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January 14, 2010

WaPo: Where has Obama's inspiring oratory gone?

Topics: Police Brutality and Corruption

Now, even the Washington Post is recognizing what most Americans have been seeing - along with Obama's declining public standing in the polls has come a decline in his rhetorical inspiration and reputation, with his greatest rhetorical failures coming when the country needed inspiration the most - at times of crisis.

Here are some excerpts from Michael Gerson's piece:

[...] The swift rise of Barack Obama was primarily a literary phenomenon. His accomplishments did not come on the Senate floor; they came at Barnes & Noble. His two autobiographies, along with his 2004 speech at the Democratic convention, raised expectations of a rhetorical golden age. One early profile in New York magazine referred to Obama as "our national oratorical superhero -- a honey-tongued Frankenfusion of Lincoln, Gandhi, Cicero, Jesus, and all our most cherished national acronyms (MLK, JFK, RFK, FDR)."

But Obama went from this exaggerated expectation to his current workmanlike utterances on health care and Afghanistan without an intervening period of remarkable eloquence. His acceptance speech was flat and typical. His inauguration was an extraordinarily historic moment -- which went uncelebrated by a comparably historic utterance. Obama's speeches to Congress and the American people have generally been explanatory rather than inspirational. His demeanor at West Point -- in a speech arguing for new sacrifices in the Afghanistan war -- was so stone-cold sober that one was left longing for happy hour.

[...] Obama's largest rhetorical failure has come at times of crisis -- when a president's words matter most, and the time to craft them is most limited. His reactions to the Fort Hood murders and the Christmas Day attack were oddly disconnected from the emotions of the country he represents. His speech at Fort Hood was strong on paper but delivered with all the passion of remarks to the Chamber of Commerce. His recent White House speech on the terrorist threat was bureaucratic and bloodless. Both grief and resolve seem beyond his rhetorical range. People once thought Obama could sound eloquent reading the phone book. Now, whatever the topic, it often sounds as though he is.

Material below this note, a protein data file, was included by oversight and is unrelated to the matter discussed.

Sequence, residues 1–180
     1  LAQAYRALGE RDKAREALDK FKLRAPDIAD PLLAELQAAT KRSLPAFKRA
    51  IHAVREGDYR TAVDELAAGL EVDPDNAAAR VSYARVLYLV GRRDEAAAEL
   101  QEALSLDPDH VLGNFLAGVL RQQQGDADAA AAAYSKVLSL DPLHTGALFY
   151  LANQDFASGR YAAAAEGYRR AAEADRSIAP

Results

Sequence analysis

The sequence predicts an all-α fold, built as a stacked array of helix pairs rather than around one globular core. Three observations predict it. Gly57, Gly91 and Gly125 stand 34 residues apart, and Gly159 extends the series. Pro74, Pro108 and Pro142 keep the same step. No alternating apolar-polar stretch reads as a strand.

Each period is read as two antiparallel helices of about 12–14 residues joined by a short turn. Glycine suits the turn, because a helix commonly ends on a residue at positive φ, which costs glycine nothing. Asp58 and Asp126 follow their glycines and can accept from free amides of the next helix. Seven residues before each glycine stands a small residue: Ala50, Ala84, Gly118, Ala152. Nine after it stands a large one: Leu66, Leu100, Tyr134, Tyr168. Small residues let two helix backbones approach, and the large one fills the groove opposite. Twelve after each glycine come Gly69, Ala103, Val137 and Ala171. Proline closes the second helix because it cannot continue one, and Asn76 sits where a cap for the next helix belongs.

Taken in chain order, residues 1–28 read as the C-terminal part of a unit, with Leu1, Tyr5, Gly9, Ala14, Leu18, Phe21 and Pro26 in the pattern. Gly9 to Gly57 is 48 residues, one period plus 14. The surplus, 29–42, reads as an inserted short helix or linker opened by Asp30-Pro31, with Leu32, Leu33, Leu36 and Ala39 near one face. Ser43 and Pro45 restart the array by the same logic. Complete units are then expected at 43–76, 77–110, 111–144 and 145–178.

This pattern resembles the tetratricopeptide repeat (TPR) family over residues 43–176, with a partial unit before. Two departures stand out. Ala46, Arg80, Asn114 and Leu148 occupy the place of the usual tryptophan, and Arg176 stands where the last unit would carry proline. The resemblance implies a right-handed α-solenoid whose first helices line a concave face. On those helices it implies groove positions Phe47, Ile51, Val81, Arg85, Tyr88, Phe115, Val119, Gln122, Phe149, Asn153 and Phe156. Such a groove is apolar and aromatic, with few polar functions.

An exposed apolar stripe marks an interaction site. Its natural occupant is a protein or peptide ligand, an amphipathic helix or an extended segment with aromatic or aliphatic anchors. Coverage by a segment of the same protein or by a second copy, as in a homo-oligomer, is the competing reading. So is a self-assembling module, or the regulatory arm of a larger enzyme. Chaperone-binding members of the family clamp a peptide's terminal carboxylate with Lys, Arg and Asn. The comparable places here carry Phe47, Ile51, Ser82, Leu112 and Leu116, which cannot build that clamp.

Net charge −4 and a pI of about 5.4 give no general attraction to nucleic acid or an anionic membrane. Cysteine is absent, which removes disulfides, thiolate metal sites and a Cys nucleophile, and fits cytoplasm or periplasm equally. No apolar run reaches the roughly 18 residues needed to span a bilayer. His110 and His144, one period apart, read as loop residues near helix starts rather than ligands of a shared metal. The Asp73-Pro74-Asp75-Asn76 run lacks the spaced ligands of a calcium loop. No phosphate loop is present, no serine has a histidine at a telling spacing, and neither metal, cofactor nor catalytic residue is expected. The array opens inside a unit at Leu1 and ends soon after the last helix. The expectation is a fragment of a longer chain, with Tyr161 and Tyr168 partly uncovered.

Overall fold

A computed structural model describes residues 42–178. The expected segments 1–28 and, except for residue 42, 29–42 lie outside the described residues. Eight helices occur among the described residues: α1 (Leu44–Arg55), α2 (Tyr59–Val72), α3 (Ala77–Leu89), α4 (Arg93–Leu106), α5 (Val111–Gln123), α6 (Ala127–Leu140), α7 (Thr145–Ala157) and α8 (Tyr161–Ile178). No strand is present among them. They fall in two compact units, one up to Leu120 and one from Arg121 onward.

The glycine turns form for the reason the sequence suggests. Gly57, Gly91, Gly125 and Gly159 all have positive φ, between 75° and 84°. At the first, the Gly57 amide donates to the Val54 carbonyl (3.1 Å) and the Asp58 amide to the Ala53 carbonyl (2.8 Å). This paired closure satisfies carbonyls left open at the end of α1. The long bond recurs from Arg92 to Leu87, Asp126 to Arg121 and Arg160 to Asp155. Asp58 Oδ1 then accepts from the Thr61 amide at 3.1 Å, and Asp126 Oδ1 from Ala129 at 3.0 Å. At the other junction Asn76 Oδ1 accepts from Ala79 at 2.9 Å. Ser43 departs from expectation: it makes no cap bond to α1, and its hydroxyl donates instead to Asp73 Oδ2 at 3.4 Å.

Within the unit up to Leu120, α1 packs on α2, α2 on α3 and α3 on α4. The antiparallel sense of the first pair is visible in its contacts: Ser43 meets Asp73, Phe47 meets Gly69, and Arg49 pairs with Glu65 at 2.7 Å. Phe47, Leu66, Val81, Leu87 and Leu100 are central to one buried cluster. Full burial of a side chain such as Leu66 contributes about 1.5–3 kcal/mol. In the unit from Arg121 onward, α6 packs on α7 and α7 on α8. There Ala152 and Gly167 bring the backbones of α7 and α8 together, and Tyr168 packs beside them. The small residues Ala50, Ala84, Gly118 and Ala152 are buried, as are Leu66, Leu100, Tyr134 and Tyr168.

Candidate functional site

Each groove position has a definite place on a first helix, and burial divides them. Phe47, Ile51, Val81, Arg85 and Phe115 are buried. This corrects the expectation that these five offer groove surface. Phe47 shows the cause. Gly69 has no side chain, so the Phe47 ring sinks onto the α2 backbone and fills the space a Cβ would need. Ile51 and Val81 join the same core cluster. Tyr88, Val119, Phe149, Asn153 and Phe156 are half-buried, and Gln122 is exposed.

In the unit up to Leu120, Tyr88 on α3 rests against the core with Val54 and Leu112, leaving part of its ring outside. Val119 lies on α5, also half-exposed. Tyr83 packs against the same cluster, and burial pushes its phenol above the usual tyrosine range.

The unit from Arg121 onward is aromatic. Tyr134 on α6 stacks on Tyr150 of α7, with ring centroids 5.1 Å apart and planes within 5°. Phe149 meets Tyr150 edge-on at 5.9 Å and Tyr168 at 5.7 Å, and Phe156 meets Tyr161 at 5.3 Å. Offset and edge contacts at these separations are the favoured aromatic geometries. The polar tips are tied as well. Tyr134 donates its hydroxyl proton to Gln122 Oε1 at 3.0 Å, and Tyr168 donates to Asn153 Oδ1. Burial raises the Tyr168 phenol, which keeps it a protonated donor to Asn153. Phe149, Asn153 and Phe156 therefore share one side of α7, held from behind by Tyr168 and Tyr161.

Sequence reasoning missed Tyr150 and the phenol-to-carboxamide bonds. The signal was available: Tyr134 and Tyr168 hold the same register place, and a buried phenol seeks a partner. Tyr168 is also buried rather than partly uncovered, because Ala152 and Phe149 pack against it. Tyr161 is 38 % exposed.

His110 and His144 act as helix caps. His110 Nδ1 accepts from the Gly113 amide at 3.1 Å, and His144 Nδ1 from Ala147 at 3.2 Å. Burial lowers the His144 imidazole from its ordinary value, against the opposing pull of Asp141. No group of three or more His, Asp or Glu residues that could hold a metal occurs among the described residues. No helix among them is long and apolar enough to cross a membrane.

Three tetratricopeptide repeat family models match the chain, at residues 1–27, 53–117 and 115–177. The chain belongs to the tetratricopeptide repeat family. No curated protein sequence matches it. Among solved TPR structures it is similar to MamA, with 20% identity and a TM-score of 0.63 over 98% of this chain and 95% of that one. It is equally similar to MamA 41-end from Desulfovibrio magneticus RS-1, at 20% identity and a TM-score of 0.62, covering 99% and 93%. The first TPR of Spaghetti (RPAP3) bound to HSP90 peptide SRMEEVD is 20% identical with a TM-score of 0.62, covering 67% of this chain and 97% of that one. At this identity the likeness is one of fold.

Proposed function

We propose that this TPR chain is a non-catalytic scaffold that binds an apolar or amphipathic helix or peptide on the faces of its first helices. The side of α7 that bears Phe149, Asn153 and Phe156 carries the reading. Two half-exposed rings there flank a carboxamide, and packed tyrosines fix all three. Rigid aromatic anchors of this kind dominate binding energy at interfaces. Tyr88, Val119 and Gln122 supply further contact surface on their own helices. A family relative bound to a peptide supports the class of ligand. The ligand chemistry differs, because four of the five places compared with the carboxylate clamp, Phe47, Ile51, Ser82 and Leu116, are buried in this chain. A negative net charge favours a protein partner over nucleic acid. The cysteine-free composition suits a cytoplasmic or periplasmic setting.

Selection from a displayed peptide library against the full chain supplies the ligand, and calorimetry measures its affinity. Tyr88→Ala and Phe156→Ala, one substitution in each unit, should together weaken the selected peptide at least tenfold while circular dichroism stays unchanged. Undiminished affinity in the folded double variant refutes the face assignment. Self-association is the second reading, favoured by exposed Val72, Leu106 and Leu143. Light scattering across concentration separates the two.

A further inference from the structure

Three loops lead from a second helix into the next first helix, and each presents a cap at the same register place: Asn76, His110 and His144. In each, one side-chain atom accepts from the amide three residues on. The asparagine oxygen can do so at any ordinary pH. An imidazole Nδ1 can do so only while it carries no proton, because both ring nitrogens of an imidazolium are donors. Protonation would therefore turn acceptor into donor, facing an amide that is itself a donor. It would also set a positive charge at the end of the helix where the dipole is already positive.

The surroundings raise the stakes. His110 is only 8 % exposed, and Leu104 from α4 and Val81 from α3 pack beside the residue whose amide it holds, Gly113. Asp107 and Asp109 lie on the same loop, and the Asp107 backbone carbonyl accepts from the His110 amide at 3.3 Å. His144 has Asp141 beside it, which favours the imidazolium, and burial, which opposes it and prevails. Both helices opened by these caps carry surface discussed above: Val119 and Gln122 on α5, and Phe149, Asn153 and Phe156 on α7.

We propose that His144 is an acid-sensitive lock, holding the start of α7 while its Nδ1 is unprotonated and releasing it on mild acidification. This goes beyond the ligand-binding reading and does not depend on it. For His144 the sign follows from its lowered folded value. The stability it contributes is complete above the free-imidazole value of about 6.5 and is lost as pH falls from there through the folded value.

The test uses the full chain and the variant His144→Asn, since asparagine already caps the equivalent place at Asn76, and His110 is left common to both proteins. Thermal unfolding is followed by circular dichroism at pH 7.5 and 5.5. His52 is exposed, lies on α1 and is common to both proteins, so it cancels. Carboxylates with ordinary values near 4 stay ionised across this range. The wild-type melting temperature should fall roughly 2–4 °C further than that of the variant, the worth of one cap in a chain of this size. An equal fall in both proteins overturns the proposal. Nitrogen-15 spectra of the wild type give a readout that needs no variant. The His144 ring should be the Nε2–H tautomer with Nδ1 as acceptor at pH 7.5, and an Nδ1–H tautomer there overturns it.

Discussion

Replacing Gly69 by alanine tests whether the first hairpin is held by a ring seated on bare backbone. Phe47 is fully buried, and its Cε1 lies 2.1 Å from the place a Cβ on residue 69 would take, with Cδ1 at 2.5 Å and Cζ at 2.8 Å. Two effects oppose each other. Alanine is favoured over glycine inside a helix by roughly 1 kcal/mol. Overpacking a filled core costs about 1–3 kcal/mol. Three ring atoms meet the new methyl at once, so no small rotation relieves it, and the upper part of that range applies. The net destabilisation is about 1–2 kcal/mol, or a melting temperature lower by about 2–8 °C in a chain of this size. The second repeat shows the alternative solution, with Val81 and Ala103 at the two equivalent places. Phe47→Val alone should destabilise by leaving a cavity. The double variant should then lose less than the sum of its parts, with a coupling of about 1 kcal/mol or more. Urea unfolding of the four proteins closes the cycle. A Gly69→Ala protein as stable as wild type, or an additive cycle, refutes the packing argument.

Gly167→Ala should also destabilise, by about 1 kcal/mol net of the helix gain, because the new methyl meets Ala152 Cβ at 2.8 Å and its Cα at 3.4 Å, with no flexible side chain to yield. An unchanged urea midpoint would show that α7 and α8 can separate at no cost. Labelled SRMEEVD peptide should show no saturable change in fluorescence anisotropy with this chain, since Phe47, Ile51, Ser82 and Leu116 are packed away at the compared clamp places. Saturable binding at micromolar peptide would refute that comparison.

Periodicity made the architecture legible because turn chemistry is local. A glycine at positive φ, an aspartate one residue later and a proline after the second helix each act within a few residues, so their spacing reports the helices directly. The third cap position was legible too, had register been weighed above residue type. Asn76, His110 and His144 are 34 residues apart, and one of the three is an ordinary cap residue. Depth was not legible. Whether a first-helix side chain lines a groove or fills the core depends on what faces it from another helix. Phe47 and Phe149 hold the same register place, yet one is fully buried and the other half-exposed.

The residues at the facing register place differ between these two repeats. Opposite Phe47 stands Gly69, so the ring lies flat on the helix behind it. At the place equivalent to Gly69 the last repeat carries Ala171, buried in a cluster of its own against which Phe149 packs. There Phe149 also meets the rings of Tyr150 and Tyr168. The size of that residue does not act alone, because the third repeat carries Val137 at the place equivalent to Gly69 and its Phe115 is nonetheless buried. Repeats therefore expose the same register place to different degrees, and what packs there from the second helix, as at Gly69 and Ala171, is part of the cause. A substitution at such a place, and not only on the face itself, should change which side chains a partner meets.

His defenders, once again, elevate this into a virtue. He is an emotionally disciplined grown-up. But at least since Reagan, the rhetorical expectations of an American president have included not only mental toughness but empathy -- the ability to wear the nation's emotions on his sleeve. People want their president to be both the father and the mother of his country -- a talent shared by politicians as diverse as Bill Clinton and George W. Bush (whose speeches I once helped write).

Obama's model, instead, is the coolness of Coolidge. It is old-fashioned. It may even be admirable. It is hard to call it effective. With every speech, a realization grows: A president lacking in drama may also be lacking in inspiration. (Read it all)

As Gerson notes in his piece, what was once universally recognized as Obama's greatest political strength - his oratory - now seems a serious weakness. What Gerson either fails to say or purposefully avoids saying, is that the rhetoric and emotion we saw during the campaign was all campaign style and stagecraft, with no substance. None of it was heartfelt, he was saying anything and promise everything to get elected (for example, the C-Span promise, transparency, and bi-partisanship, all of which disappeared the day he took office). And the lack of intensity we now see has nothing to do with Obama's tanking poll numbers; the detachment and lack of intensity we are now seeing relates to a lack of character and purpose beyond his political agenda, and it was in fact there all along.

Posted by Richard at January 14, 2010 7:39 AM

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